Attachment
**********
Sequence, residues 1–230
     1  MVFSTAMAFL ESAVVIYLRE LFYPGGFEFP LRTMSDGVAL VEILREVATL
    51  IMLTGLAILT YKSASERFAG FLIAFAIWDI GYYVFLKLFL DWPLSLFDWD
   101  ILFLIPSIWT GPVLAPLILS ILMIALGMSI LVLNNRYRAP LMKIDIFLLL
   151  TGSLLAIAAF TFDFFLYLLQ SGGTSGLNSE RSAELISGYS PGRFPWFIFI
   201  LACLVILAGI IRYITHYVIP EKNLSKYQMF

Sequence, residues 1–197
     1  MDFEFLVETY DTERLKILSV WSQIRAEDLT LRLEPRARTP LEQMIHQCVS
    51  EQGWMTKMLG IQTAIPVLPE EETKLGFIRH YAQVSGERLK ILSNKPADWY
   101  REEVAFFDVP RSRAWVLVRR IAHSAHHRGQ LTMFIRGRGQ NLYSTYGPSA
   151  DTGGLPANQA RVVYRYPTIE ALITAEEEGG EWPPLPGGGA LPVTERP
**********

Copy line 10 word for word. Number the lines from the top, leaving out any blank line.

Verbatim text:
   101  REEVAFFDVP RSRAWVLVRR IAHSAHHRGQ LTMFIRGRGQ NLYSTYGPSA